Dyson V8 Absolute
“The Dyson V8 is light, powerful, and easy to maneuver.”
- Improved battery life
- A ton of attachments
- Lightweight and easy to maneuver
- Good suction, especially in max mode
- Double the price of competitors
- Nowhere to store attachments
- Max mode lasts under 10 minutes
Over a year ago, we tested out the Dyson V6. It was a lightweight, cordless vacuum with good suction — and mediocre battery life. The Dyson V8 Absolute updates several features compared to the earlier version, but the most notable improvement is the battery life. The V6 couldn’t withstand much more cleaning than 20 minutes. Neither can we, but we’d like the option to go on a full-house vacuuming spree, should the need arise.
With a better battery life, is the Dyson V8 worth its $600 price? Read on to find out.
Looks like a Dyson — or three or four different ones
The first thing you’ll notice about the Dyson V8 Absolute is that it comes with a lot of gear. In addition to the gray, purple, and red vacuum itself, there’s an orange wand and six attachments. The soft roller cleaner head is meant for floors, while the direct drive cleaner head has bristles for carpet cleaning. There’s also a motorized tool that works well on pet hair, a crevice tool, and a soft brush for cleaning electronics. The combination tool has both a brush and a piece of plastic that extends from it that works more like the crevice tool. You’d almost think this would make the two separate tools that provide similar functions redundant, and we couldn’t find a compelling reason to have all three.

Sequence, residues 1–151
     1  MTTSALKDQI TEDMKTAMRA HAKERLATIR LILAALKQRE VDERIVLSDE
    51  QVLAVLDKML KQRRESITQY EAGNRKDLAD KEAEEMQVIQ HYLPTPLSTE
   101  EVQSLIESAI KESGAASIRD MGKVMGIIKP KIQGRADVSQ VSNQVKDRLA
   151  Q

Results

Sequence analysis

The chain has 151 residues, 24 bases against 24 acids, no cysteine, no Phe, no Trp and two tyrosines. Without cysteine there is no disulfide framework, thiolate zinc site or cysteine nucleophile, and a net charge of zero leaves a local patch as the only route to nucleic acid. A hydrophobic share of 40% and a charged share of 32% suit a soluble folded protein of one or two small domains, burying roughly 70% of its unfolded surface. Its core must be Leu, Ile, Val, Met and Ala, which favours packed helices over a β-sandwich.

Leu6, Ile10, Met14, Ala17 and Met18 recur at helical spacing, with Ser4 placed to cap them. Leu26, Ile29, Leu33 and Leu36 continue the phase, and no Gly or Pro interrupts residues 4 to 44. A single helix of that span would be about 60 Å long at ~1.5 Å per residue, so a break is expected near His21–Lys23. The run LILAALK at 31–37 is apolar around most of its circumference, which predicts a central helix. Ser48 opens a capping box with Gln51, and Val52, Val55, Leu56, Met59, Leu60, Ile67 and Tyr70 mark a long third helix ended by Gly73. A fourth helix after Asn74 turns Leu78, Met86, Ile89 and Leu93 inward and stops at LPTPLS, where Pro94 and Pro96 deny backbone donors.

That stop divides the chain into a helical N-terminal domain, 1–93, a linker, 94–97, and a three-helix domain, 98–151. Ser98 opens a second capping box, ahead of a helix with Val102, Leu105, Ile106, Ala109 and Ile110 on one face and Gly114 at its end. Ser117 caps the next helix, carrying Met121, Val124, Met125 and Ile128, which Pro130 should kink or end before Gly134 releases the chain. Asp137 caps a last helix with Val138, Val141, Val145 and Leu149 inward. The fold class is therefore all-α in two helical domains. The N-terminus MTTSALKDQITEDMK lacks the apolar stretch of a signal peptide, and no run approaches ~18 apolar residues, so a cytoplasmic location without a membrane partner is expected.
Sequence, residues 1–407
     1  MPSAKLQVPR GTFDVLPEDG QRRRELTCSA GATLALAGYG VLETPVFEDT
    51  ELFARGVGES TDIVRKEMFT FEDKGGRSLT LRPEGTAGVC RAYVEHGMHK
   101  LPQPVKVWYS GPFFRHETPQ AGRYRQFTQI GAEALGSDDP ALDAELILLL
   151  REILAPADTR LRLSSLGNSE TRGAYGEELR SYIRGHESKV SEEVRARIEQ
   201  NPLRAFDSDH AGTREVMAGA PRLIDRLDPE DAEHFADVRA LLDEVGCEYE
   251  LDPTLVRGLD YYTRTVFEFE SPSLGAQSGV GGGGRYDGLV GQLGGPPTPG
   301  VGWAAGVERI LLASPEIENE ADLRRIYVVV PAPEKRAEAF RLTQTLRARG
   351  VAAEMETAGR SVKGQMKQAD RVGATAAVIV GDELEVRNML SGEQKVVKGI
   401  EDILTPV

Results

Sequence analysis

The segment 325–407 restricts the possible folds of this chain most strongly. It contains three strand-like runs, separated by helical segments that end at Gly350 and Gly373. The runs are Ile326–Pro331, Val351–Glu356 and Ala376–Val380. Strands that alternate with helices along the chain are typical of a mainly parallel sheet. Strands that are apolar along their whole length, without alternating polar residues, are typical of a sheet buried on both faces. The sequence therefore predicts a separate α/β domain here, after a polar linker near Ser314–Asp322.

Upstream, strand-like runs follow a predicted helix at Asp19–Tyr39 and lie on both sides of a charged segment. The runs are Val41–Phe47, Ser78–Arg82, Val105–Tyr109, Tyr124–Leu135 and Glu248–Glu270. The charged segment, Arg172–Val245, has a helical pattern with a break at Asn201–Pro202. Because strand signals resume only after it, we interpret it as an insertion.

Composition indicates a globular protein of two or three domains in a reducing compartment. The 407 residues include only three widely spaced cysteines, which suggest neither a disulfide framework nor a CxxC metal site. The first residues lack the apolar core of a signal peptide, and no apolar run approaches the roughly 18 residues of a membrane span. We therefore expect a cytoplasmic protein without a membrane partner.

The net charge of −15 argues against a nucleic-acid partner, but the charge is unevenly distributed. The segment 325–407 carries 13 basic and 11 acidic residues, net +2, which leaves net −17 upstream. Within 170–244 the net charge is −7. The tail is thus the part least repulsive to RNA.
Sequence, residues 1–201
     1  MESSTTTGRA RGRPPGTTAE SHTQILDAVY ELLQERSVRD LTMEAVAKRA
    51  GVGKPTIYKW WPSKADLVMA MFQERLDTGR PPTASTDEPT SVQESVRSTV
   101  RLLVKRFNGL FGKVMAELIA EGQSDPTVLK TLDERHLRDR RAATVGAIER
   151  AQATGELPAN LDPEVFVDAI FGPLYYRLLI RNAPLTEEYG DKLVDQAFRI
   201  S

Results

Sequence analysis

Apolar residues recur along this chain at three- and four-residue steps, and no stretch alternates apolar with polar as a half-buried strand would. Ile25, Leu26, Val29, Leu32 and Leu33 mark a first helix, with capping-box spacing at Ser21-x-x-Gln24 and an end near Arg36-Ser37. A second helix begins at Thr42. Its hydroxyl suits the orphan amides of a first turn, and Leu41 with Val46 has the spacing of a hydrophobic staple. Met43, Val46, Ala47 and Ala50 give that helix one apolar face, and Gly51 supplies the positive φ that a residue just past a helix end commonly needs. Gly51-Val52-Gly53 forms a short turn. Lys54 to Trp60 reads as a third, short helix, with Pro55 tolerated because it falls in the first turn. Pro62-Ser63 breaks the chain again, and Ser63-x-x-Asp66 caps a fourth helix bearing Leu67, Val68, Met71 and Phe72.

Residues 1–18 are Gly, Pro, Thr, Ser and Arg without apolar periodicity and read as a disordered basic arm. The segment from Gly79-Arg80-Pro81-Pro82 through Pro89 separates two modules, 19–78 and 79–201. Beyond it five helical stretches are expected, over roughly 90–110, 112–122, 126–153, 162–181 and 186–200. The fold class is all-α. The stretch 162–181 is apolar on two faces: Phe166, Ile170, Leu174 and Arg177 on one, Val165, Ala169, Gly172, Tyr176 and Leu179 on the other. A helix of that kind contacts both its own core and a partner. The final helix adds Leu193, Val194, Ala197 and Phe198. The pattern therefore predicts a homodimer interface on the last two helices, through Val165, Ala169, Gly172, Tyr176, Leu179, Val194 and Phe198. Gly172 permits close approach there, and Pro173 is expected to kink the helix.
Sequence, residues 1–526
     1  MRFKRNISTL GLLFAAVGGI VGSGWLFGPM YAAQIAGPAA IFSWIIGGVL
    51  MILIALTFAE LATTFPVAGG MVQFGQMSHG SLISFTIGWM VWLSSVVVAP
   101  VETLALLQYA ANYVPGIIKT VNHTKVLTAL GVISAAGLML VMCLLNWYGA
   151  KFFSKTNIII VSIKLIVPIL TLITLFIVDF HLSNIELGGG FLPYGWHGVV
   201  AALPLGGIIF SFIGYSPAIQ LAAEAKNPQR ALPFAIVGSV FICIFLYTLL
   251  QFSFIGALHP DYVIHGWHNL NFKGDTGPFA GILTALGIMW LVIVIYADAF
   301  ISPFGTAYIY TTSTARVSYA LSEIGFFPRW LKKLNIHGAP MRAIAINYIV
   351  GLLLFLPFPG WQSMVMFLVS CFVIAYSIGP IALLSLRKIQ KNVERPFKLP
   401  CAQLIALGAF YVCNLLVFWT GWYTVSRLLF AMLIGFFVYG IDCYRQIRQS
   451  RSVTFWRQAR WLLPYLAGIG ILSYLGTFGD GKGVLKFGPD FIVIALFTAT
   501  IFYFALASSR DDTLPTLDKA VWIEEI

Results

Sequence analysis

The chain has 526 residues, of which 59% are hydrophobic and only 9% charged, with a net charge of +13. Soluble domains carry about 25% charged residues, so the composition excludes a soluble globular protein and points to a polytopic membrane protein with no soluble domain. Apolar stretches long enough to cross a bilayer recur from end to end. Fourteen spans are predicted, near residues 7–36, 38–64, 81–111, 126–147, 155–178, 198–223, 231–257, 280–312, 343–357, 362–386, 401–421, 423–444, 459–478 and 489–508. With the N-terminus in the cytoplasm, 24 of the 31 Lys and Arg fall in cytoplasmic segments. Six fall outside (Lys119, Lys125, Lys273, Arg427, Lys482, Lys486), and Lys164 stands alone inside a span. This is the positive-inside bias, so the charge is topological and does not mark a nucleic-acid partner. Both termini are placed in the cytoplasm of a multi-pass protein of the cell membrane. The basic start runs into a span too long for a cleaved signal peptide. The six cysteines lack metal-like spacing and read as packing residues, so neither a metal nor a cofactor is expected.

The motor and bin are in the main part of the vacuum, which weighs about 5.6 pounds. That’s also where you’ll also find the HEPA and washable filters. It has a red trigger button that you have to hold down continuously to get the vacuum sucking. This is fine for quick jobs, but we found our fingers cramping a bit if we used the vac for its full 40-minute runtime. The Dyson did stay true to this promised time frame with the smaller attachments, averaging around 41 minutes. In max mode, the vacuum died at between eight and nine minutes, a minute longer than its promised runtime.
The motor makes the vacuum top-heavy, so it won’t stand on its own when the wand is attached, even with the cleaner heads on. This may not be a huge deal, but leaning it against a counter isn’t effective if you have to answer the phone or take a break from all that button pressing.
For storage, the vacuum comes with a wall-mount. It’s meant to be a convenient way to charge the vacuum, which is great. It takes about five hours to get the thing fully juiced, which is a long time if you’ve spent under 10 minutes using the max-power mode. There isn’t enough room on the mount for all the attachments, though, so you’ll have to store some elsewhere. It’s actually a little odd that Dyson, known for its design, didn’t make enough space for all the V8’s parts.
Bin there, done that
Every time I review a new Dyson vacuum, I end up with dust all over my floor, post-vacuuming. There’s always some little trick to opening the bin, and I invariably muck it up the first time. Things were no different with the V8 Absolute, but after that first disaster, pulling up on the red plastic doohickey proved pretty easy. When you do, a trapdoor on the bin swings open and the cyclone lifts up and out of the bin, shaking loose the debris and making it easier to clean the bin and its components. It still releases some of the contents in a cloud of dust, so allergy sufferers might want to take note of that.